[caption id="attachment_13521" align="aligncenter" width="200" caption="A Cabbit"][/caption]Drawing upon the work of the anthropologist Mary Douglas, philosopher of religion Jeffrey Stout has written about how crossing conceptual and social boundaries, and the products of such crossing, make people deeply uncomfortable. He used the example of a "cabbit" --a cross between a cat and a rabbit--that he saw on a late night television show. It unsettled him, while his young daughter (who hadn't yet formed firm conceptions of the proper categories for small, warm, and furry things) wasn't bothered at all by the fuzzy monster.I thought of this when I saw an entry on Fr. Z's blog that I couldn't resist clicking on --on altar girls at the Tridentine Mass. Apparently, it's not prohibited--but it does seem deeply incongruous to me too, even though I attend Novus Ordo masses and am happy to see girls as well as boys serving Mass.But here's my question, drawing upon Stout's story: if TLM takes on a a larger role and place, will it be possible for it to evolve in ways that seem incongruous to us now, but which aren't liturgically prohibited--and which won't seem odd to the next generation, who might be attracted to some aspects of TLM but not to each and every aspect of the way things were done in 1962?Or is it the case that once a cabbit, always a cabbit--in the realm of liturgy, at least?BTW, I am asking this straightforwardly as a question: Liturgy isn't one of my special areas of expertise. I have no view on how TLM should be conducted.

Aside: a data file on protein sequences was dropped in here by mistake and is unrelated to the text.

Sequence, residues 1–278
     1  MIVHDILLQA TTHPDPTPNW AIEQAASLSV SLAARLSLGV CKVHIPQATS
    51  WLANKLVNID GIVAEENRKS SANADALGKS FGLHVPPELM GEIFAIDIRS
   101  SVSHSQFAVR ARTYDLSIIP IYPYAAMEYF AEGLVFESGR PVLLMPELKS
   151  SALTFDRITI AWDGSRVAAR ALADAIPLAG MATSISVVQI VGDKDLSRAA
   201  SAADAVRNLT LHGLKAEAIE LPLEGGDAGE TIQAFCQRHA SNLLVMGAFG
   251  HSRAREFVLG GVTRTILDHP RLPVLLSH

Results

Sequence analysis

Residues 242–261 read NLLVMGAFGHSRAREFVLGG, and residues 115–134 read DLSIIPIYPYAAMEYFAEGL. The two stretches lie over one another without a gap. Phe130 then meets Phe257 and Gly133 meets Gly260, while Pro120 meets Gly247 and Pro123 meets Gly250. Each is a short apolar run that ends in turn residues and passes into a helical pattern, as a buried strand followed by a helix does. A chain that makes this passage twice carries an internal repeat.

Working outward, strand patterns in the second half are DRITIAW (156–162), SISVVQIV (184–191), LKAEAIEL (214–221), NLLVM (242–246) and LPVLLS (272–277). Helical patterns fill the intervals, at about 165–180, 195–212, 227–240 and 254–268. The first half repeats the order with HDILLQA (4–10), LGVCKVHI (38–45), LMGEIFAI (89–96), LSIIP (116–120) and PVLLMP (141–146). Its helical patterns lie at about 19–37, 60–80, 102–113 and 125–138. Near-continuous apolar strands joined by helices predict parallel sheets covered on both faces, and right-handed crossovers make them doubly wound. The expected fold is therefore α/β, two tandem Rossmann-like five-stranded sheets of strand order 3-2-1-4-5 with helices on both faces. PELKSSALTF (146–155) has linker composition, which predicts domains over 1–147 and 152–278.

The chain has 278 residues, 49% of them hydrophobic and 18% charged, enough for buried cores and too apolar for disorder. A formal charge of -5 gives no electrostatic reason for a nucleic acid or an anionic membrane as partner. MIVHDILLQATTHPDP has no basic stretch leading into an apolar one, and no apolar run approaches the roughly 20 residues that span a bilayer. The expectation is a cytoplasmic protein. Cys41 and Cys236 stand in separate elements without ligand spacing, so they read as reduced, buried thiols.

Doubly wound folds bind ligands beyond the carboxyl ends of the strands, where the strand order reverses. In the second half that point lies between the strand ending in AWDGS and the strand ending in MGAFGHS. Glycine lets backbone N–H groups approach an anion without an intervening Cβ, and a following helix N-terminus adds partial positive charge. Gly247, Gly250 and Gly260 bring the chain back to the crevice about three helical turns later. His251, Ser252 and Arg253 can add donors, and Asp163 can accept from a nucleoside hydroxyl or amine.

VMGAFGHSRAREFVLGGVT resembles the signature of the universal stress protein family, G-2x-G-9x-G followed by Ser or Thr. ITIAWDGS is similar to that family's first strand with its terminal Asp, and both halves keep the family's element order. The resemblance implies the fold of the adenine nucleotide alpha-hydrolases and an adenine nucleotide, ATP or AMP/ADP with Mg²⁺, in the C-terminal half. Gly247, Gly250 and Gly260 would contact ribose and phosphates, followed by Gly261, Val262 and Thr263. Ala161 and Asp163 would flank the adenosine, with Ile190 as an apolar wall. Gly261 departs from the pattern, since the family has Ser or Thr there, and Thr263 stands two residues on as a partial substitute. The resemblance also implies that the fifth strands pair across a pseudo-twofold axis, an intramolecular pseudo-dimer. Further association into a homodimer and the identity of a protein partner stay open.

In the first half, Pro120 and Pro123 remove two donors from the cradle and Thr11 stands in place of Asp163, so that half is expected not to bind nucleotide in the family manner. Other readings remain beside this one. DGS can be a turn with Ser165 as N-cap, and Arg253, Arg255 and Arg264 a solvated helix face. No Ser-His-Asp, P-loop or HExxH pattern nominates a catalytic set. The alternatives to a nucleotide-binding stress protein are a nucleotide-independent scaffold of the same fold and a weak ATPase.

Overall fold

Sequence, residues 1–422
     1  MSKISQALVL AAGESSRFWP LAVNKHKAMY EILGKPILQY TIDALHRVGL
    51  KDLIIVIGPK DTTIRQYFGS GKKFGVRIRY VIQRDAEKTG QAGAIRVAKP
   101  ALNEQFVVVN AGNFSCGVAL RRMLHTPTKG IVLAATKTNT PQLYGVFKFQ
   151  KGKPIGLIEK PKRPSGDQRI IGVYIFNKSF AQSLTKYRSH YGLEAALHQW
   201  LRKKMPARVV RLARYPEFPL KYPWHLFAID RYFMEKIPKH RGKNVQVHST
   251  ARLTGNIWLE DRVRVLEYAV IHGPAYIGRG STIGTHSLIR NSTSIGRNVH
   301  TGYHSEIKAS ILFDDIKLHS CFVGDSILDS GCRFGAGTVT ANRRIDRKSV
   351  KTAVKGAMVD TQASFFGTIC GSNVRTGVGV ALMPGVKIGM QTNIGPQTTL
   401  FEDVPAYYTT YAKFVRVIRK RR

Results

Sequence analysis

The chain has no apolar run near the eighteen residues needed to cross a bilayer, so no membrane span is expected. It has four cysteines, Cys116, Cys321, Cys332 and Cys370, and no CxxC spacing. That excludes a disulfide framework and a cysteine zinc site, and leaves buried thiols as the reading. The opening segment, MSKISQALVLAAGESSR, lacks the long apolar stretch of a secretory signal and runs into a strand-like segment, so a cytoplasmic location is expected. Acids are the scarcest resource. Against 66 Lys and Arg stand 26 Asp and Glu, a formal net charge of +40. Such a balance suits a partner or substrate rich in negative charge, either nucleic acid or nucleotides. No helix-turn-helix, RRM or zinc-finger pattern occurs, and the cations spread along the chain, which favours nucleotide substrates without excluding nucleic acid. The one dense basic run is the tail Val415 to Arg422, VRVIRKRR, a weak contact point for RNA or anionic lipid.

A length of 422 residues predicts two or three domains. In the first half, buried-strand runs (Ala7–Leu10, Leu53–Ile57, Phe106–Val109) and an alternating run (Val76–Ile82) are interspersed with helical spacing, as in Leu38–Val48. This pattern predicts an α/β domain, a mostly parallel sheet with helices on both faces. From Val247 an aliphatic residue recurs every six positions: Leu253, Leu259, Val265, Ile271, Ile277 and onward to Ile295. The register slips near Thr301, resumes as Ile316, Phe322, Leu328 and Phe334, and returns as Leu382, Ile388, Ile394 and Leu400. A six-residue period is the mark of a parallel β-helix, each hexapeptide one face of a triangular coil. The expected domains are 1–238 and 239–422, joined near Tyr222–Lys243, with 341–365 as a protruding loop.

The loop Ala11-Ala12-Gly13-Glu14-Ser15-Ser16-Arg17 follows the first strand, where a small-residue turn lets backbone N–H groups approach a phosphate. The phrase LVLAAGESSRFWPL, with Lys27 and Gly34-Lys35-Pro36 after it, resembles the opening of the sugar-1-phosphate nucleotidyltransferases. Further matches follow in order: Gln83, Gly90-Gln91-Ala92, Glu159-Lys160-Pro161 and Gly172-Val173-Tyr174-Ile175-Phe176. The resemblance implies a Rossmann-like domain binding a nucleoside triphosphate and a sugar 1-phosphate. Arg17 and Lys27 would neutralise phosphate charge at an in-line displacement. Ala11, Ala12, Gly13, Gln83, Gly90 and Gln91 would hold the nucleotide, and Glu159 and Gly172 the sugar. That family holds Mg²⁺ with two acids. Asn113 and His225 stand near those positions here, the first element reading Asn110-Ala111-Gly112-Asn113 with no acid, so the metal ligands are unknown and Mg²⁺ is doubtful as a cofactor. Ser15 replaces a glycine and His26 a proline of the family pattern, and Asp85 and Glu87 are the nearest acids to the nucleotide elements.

Cathleen Kaveny is the Darald and Juliet Libby Professor in the Theology Department and Law School at Boston College.